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Q. Who is Mr. Smarty Plants?

A: There are those who suspect Wildflower Center volunteers are the culpable and capable culprits. Yet, others think staff members play some, albeit small, role. You can torture us with your plant questions, but we will never reveal the Green Guru's secret identity.

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Ask Mr. Smarty Plants is a free service provided by the staff and volunteers at the Lady Bird Johnson Wildflower Center.

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Please forgive us, but Mr. Smarty Plants has been overwhelmed by a flood of mail and must take a break for awhile to catch up. We hope to be accepting new questions again soon. Thank you!

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Tuesday - July 21, 2009

From: Channahon, IL
Region: Midwest
Topic: Non-Natives, Diseases and Disorders, Herbs/Forbs
Title: Fungal root rot in non-native Shasta daisies in Channahon IL
Answered by: Barbara Medford

QUESTION:

HELP! My Shasta daisies have fungal root rot. Is there any way to save them? I've been removing the browned stems. I'm so sad.

ANSWER:

Shasta daisy, Leucanthum vulgare x superbum is native to Turkey, Russia and Europe. The Lady Bird Johnson Wildflower Center is dedicated to the use, care and propagation of plants native not only to North America but to the area in which they are being grown.

Since we have no information on this plant in our Native Plant Database, we will try to find some information on the fungal root rot, itself. From the NGA Garden Shop website, we found the information that Shasta daisies need full sun and well-drained soil. You didn't say how long you had been raising the flowers or what your soil is, but if you have a clay soil, or poorly draining soil, these plants either need compost worked into their soil for drainage, or a raised bed. If they are in shade or part shade, that just encourages the fungus even more. From the University of Illinois Extension website, we obtained this information on Armillaria Root Rot. While this article emphasizes fungal attacks on woody plants, trees and shrubs, it points out that herbaceous blooming plants can also be affected.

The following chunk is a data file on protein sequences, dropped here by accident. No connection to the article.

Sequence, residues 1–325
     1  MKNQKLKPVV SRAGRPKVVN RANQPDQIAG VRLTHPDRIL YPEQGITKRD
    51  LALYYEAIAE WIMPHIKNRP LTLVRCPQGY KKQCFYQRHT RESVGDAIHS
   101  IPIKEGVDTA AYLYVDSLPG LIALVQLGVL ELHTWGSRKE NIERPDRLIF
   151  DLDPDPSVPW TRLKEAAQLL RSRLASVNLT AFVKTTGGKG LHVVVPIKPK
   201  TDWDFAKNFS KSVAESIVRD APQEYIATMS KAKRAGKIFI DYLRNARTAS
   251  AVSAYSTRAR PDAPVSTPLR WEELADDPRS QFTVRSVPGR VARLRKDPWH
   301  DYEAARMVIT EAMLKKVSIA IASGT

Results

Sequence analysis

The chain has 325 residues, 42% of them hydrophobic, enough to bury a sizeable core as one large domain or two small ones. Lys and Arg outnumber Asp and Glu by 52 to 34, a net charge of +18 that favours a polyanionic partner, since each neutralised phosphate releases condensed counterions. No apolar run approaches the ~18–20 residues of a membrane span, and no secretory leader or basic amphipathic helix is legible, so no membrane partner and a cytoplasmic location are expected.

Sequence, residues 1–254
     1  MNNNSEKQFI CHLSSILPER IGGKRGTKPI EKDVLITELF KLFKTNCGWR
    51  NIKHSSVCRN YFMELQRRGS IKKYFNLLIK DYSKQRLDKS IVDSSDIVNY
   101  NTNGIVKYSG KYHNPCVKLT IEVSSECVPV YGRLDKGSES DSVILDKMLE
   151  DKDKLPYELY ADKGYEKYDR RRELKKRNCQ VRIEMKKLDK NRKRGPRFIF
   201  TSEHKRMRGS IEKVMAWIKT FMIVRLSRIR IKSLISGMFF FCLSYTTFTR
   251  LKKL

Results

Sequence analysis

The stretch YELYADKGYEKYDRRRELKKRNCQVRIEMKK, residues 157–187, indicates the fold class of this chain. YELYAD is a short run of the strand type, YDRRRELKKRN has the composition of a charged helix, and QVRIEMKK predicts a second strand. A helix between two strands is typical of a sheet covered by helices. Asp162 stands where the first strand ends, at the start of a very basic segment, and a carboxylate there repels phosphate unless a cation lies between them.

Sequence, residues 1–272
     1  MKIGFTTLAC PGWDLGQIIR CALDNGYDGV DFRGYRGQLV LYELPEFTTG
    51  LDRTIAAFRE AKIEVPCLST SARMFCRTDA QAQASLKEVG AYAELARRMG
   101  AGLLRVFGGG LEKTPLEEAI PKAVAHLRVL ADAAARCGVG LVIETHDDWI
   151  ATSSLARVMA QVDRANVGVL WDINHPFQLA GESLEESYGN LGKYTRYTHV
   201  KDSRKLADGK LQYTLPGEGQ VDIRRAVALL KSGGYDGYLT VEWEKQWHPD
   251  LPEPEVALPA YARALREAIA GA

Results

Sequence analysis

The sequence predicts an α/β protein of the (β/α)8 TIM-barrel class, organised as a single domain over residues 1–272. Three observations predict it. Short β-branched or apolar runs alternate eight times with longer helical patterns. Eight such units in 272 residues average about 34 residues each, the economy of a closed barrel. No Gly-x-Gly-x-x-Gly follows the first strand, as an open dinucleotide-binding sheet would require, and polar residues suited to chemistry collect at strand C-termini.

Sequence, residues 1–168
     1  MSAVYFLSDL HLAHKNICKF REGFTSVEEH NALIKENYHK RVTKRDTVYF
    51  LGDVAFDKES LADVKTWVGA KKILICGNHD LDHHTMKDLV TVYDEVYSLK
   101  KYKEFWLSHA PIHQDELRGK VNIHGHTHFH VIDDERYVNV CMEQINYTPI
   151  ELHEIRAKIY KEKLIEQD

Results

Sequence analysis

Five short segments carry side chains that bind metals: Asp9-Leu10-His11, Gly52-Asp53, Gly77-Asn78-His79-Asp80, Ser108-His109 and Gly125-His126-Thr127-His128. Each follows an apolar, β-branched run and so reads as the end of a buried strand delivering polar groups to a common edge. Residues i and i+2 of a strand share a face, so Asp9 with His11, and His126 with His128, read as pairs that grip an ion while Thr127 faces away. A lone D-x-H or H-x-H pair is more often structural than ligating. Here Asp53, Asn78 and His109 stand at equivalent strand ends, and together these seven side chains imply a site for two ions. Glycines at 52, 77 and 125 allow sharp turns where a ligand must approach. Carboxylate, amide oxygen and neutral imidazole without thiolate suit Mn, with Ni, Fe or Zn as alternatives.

We would suggest you contact the University of Illinois Extension Office for either Grundy or Will counties.  If this is an ongoing problem in your area because of the soils, they should have some advice to offer you. Or maybe just sympathy. We are sorry, too.

 

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